|Fall 2017, as Final||Under section 9(a) of the Professional Engineer, Land Surveyor and Geologist Registration Law (63 P.S. § 156(a)) (act), the Board is required by law to support its operations from the revenue it generates from fees, fines and civil penalties. In addition, the act provides that the Board shall increase fees if the revenue raised by fees, fines and civil penalties is not sufficient to meet expenditures over a 2-year period. The current fee structure is inadequate to support the operations of the Board. This proposed rulemaking seeks to increase the biennial renewal fee for licensees from $50 to $100 so that revenues are sufficient to cover projected expenditures as required by the act.||Robin Shearer
Department of Environmental Protection (DEP)
|Water Quality Management Fee Amendments and NPDES Program Fee Amendments
25 Pa. Code Chapters 91 and 92a
|Quarter 4, 2017,
EQB Consideration, as Proposed
|This rulemaking proposes to amend fees related to water quality management permitting (Chapter 91) and proposes to amend the fee schedule for NPDES permit applications (Chapter 92a). Chapter 91 establishes, among other things, a water quality management (WQM) permitting program for the construction of sewage and industrial waste treatment facilities and for land application of sewage and industrial wastes. DEP began its Chapter 92a annual invoicing and fee collection program in December 2010.||Sean Furjanic
|Chapter 92a updated the fee schedule for NPDES permit applications for persons to discharge pollutants from point sources into surface waters. In addition, Chapter 92a introduced an annual fee for certain facilities authorized to discharge pollutants by individual NPDES permits. A fee analysis that DEP presented to the EQB in 2014 highlighted that, despite the fee increase in 2010, revenue continues to fall short of expenses, impeding the work of Programs to carry out necessary tasks for protecting water resources in the Commonwealth. (Pennsylvania Clean Streams Law)|
|Administration of Sewage Facilities Planning and Permitting Programs and Standards for Onlot Sewage Treatment Facilities
25 Pa. Code Chapters 71, 72 and 73
|Quarter 2, 2018,
EQB Consideration, as Proposed
|This rulemaking proposes to create 25 Pa. Code Chapters 71a, 72a and 73a, replacing the current Chapters 71, 72 and 73. The proposed amendments would provide necessary updates and clarity to the regulations to address environmental and public health and safety issues. (Pennsylvania Sewage Facilities Act, Clean Streams Law)||Lee McDonnell
The following bills of interest to PSPE have been introduced and/or acted upon in the past month.
Budget Related Bills
NONE. The House is still considering the “code” bills sent from the Senate in July, to finish the FY 2017/18 budget approval process. The Fiscal Year started on July 1, with only the spending package approved, via HB 218. The bills required to fund the spending, and to describe how the funds are driven out, remain to be decided.
Environmental Building Standards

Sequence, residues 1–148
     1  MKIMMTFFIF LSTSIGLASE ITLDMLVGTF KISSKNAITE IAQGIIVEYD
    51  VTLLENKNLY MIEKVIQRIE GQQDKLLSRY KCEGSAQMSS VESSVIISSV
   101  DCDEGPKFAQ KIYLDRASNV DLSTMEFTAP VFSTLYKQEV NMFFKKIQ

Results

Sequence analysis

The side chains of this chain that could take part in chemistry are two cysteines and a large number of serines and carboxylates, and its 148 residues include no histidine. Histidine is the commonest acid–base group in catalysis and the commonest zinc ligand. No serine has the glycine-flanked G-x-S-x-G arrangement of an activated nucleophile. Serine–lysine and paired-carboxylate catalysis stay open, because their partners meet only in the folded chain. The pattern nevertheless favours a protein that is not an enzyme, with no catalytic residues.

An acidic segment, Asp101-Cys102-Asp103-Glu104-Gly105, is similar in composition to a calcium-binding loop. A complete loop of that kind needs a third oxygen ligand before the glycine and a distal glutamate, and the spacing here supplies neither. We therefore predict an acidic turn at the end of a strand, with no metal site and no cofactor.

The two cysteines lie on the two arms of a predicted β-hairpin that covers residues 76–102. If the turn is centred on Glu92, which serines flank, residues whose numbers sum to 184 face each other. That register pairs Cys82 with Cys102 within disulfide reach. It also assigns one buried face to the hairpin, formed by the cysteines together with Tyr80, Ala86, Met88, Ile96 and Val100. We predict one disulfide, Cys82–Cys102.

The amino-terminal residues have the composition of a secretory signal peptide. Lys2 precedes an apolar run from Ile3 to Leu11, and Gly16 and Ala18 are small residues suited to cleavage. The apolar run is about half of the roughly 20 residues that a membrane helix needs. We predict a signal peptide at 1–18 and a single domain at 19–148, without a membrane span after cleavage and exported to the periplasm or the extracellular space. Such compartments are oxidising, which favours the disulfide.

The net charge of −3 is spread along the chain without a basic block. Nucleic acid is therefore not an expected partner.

HB 1700 RE: Pipeline Safety and Communication Board Act (by Rep. Carolyn Comitta, et al)
Establishes the Pipeline Safety and Communication Board as an independent administrative board. The board shall consist of certain specified cabinet secretaries, House and Senate leaders, the Director of the Pennsylvania Emergency Management Agency, the State Fire Commissioner and six members appointed by the governor who shall be operators or owners of interstate or intrastate pipelines located or under construction in Pennsylvania. The new board’s powers and duties include collecting and disseminating to the public information of commonwealth agencies relative to the planning, siting, construction, operation, maintenance, management, inspection and safety of and emergency response procedures for pipelines and coordinating communications relating to pipeline activities with federal, state and local government agencies and regulatory authorities, pipeline companies and the public. Also provides for interagency cooperation; logging of information; and Right-to-Know requests.
Introduced and referred to House Environmental Resources and Energy Committee, 8/15/2017
HB 1721 RE: Notice of Well Permits (by Rep. Scott Conklin, et al)
Amends Title 58 (Oil and Gas), in development, further providing for well permits by requiring the well operator shall give public notice of the filing for a well permit by publication in a newspaper of general circulation, published in the locality where the permit is applied for, once a week for four consecutive weeks.
Introduced and referred to House Environmental Resources and Energy Committee, 8/16/2017
Cosponsor Memo Filed
HCO2409 (Galloway) – Extends the statute of repose for construction to 20 years.
SB 843 RE: Preparation of Comprehensive Plans (by Sen. Mario Scavello, et al)
Amends the Pennsylvania Municipalities Planning Code, in comprehensive plan, further providing for preparation of comprehensive plan by adding that the plan shall identify, by name and physical location, the residential and mixed-use condominiums, cooperatives and planned communities, as well as the total land area, lot size and number of units of each; and, to the extent available, the infrastructure of each, including, but not limited to, information concerning the presence and condition of sanitary sewer, water and storm water systems, recreation facilities and roadways. The municipality may post the information to the municipality’s website and shall provide any requested paper copies for a fee not to exceed the fees set under section 1307 of the Right-to-Know Law.
Introduced and referred to Senate Local Government Committee, 8/11/2017
Copies of all bills of interest can be accessed via the Internet at: http://www.legis.state.pa.us/cfdocs/legis/home/session.cfm